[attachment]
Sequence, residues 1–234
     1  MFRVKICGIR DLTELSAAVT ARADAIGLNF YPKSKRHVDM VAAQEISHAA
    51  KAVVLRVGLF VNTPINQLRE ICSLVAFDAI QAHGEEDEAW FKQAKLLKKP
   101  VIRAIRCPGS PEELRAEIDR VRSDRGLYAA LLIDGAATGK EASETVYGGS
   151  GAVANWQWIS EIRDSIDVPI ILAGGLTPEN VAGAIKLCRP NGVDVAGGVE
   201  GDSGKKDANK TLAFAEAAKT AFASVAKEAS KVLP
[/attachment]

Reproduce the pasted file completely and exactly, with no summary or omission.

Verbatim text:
Sequence, residues 1–234
     1  MFRVKICGIR DLTELSAAVT ARADAIGLNF YPKSKRHVDM VAAQEISHAA
    51  KAVVLRVGLF VNTPINQLRE ICSLVAFDAI QAHGEEDEAW FKQAKLLKKP
   101  VIRAIRCPGS PEELRAEIDR VRSDRGLYAA LLIDGAATGK EASETVYGGS
   151  GAVANWQWIS EIRDSIDVPI ILAGGLTPEN VAGAIKLCRP NGVDVAGGVE
   201  GDSGKKDANK TLAFAEAAKT AFASVAKEAS KVLP